Email is a magnificent tool for both social and marketing communication but it is possible to overdose on it. Just like water which is pleasant, quenching and necessary to life itself can become lethal if you drink too much of it, email is best considered an element of your overall schedule to be time managed just like any other aspect of your business day. The vast majority of online users (and let’s face it, who isn’t) tend to check their email very shortly after opening their eyes in the morning. Many even keep their smartphones on their nightstands so that they can catch up with their emails and social media posts before they even get out of bed! There are some very good reasons why you might want to schedule your first email review a bit later in the day.

If You Usually Reply at 6:30 am, They’ll Come to Expect It

One of the most important reasons to put off the first daily email read is that most people tend to wake up at about the same time every day, and if you are firing off replies to everyone who wrote to you they will come to expect that reply at that time and may be disappointed if you put them off. Anyone anywhere in the world can readily check a time zone map site and determine what your regular business hours are in your place on the globe. If you have them accustomed to receiving fully comprehensive replies by 6:30 am in your time zone, they will just take for granted that you are at their beck and call every waking moment. Although that can be a very positive business merit in some industries, in many others there really isn’t anything that urgent that it can’t wait until the conventional nine to five Monday to Friday time slot. After all, you’re marketing widgets, you’re not running an emergency room.

Explain that You’ll Reply in Full Later in the Day

Even when you are operating in traditional office hours, you don’t have to feel the pressure of blowing your entire day’s productivity schedule because you have to compose countless tomes and you have to do it right this minute. Even the most urgent query can be readily addressed with a short, custom written note (not boilerplate autoresponder) that informs the sender that you have received their message and that you will be delving into the issues raised and provide a full response at a later time that day or even on the next business day. Your email recipient will appreciate the fact that you are keeping them informed as to the progress of their query and will certainly understand that a reply which is crafted upon reflection and research is going to be preferable to an instant reply.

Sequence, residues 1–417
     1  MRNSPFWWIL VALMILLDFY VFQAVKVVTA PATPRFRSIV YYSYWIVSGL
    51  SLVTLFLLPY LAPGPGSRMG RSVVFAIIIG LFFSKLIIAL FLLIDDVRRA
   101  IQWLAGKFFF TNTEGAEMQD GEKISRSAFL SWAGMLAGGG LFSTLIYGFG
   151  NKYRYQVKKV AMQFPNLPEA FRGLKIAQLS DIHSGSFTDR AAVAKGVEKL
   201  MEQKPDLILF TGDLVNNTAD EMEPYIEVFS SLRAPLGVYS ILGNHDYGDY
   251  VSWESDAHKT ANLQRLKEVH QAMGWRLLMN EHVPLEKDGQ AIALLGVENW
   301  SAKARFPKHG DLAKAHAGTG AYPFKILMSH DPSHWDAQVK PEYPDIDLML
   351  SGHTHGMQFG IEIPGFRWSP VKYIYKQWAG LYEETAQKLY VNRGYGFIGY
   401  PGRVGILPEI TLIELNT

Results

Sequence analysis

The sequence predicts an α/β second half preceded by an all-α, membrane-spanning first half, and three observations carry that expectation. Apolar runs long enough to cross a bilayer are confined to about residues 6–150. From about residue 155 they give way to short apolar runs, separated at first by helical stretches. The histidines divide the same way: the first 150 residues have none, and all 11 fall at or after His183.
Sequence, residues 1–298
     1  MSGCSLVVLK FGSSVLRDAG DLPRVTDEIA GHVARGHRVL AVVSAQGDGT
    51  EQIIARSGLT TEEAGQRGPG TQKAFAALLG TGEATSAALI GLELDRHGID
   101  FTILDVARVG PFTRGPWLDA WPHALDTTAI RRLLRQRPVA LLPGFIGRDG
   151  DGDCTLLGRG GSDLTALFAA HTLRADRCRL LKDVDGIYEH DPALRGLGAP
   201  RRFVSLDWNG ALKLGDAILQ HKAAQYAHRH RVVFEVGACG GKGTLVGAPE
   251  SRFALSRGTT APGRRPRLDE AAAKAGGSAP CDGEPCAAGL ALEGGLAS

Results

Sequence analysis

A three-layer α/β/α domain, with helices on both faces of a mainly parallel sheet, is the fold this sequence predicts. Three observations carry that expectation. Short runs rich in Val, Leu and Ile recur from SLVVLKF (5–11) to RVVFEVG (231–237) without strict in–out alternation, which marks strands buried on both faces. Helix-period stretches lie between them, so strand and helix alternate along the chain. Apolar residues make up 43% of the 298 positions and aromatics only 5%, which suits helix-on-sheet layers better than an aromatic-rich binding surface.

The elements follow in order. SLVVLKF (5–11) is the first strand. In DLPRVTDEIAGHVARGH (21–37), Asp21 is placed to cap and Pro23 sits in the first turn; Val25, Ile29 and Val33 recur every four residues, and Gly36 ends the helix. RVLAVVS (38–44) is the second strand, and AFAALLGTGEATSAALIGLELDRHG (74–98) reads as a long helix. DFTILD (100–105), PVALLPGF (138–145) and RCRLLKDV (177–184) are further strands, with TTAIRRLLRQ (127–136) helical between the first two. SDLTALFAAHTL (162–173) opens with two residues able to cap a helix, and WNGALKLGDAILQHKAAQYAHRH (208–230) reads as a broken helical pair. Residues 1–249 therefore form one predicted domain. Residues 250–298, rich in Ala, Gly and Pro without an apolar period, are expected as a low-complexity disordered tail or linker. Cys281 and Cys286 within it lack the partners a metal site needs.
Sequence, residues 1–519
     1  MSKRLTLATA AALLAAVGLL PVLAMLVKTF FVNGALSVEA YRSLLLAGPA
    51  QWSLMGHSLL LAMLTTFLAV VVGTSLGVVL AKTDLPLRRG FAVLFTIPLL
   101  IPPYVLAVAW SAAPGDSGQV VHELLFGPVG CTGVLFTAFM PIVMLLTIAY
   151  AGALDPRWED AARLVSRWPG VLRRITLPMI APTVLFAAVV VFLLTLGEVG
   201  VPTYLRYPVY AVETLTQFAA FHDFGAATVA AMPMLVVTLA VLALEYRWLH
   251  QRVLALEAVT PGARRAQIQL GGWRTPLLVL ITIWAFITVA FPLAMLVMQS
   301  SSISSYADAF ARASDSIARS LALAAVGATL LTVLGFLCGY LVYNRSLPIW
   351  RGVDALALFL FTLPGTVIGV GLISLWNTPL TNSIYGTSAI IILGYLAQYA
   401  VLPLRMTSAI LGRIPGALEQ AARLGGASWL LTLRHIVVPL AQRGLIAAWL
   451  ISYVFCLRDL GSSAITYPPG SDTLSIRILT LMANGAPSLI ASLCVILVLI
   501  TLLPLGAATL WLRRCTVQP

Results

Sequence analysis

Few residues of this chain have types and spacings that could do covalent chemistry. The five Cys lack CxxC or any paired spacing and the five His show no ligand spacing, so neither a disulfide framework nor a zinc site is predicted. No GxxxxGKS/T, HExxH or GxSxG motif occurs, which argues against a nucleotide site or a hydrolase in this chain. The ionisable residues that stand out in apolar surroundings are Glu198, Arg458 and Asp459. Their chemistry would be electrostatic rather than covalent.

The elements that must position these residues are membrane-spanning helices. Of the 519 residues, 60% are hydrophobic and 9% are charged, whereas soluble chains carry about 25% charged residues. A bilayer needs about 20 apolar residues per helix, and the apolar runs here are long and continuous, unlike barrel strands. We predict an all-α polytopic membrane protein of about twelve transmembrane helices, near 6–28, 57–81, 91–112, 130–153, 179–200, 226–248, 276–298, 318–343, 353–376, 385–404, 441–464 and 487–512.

Set a Firm Email Checking Schedule

Email is important but it’s very rarely a life and death issue, so selecting a particular number of times during the day when you will be checking email and addressing whatever issues need your attention is going to work wonders for your productivity. If you set a firm schedule to check your email at 9:30 am, 11:30 am, 1:30 pm, and 3:30 pm and reply accordingly you will certainly be able to live up to the expectations that nearly any customer or colleague would ever have in any industry sector.

You’ll Handle Negative Email Better Once You’re in Business Mode

Not all email is neutral and businesslike, as sometimes you will get some unpleasant news or jarring criticism. If you encounter that negativity too early in the day that could serve to taint your entire perspective, and countless other activities could suffer. You’re far better off to confront these sorts of messages later in the day when you’re already in a business frame of mind and can more professionally play damage control.

There’s a long day ahead, so schedule in your email logically and you’ll benefit!


作者 Hal Licino

Hal Licino is a leading blogger on HubPages, one of the Alexa Top 120 websites in the USA. Hal has written 2,500 HubPage articles on a wide range of topics, some of which have attracted upwards of 135,000 page views a day. His blogs are influential to the point where Hal single-handedly forced Apple to retract a national network iPhone TV commercial and has even mythbusted one of the Mythbusters. He has also written for major sites as Tripology, WebTVWire, and TripScoop.